Instructions: Your initial discussion should be at least 200 words. It must include MLA citations – both in-text and an end citation.

 

Please note that this forum has several parts, so read these instructions carefully.

First, choose one (1) of the essays from the “Issues Facing the International Community” listed in the “Supplemental Readings” section of the course lessons. Then, let the reader know why you chose this particular essay. Does this essay discuss an issue that is facing you currently? Next, discuss whether or not your essay is peer-reviewed. How do you know? State the claim of the essay. Then, discuss how the author proves this claim. Is the author using the Toulmin method? Use complete sentences, give citations to back up your points, and create a final works cited citation for this essay.

 

After completing the first section, consider the following. During week five, you are creating an argument using the Toulmin model. Have you used this style of argumentation before in your studies or career (either verbally or in past writing assignments/projects)? Will you use it in the future? Why or why not?   Check out this amusing (ok, corny) video rap on the Toulmin in a nutshell: https://www.youtube.com/watch?v=8Hu5MyF8GLc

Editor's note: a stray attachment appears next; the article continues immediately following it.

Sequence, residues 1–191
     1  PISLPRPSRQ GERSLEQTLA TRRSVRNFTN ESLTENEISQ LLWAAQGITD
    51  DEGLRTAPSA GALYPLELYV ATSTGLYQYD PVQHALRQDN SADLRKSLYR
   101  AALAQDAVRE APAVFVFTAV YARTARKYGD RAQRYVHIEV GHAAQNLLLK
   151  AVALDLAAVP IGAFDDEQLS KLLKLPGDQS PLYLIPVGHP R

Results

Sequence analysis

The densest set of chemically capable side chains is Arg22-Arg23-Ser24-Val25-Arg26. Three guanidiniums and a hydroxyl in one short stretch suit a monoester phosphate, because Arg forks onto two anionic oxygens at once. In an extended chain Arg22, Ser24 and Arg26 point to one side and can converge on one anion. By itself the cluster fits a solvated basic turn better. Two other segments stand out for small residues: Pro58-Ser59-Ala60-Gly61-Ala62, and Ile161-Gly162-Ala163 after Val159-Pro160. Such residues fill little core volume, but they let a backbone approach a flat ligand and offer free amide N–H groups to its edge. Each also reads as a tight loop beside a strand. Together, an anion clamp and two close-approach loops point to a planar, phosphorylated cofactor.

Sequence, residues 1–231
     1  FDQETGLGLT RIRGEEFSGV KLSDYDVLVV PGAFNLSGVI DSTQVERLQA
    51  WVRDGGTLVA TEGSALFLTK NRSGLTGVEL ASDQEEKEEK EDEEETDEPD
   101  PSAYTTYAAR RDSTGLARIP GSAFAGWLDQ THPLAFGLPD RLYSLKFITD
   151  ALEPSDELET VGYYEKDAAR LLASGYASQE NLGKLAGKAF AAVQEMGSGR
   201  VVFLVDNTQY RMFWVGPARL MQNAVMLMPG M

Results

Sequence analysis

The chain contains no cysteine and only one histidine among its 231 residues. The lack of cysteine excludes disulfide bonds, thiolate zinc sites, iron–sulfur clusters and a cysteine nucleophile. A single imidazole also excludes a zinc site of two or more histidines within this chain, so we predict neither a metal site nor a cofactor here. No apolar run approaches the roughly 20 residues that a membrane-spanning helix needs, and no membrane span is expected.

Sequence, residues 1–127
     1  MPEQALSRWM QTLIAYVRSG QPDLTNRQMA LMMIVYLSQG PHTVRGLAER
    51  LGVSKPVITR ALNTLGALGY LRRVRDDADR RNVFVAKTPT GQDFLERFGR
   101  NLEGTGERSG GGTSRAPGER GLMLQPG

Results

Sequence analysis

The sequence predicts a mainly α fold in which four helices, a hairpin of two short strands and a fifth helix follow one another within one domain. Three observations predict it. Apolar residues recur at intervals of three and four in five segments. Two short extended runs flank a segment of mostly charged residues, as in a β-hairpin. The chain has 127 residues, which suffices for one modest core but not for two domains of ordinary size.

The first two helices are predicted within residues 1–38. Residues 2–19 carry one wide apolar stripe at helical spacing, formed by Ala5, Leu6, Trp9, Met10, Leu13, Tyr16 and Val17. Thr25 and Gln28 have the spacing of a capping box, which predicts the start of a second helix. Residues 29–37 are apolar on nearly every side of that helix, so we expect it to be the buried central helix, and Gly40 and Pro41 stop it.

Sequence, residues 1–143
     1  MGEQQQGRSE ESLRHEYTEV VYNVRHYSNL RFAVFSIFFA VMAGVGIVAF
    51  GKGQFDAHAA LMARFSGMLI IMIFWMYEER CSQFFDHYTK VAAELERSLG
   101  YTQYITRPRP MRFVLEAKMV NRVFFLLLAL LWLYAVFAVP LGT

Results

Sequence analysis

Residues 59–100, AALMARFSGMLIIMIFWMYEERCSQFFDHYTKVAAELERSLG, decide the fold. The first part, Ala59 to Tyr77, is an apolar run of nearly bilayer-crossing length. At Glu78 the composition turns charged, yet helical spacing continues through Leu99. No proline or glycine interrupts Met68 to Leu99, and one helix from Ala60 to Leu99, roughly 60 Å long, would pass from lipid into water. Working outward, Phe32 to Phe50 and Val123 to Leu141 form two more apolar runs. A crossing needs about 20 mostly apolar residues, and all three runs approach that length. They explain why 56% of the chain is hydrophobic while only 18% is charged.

The text of the video is also available if you click on CC at the bottom of the screen.

 

Finally, please revisit your first essay:  The Critical Evaluation Essay.  Take a look at the comments your instructor made to you about your essay.  How will you incorporate your instructor’s feedback in your Toulmin essay, assigned this week?  What improvements do you hope to make in the Toulmin essay?

In your response to your classmates, find a student who wrote about a different essay from the “Issues Facing the International Community” list, and comment on your classmate’s discussion of his/her chosen essay.

 

Do you agree with his or her analysis of this essay? Why? The why is key – please post a rich response to your classmate. You may also respond to your classmate’s discussion of the Toulmin argumentation model.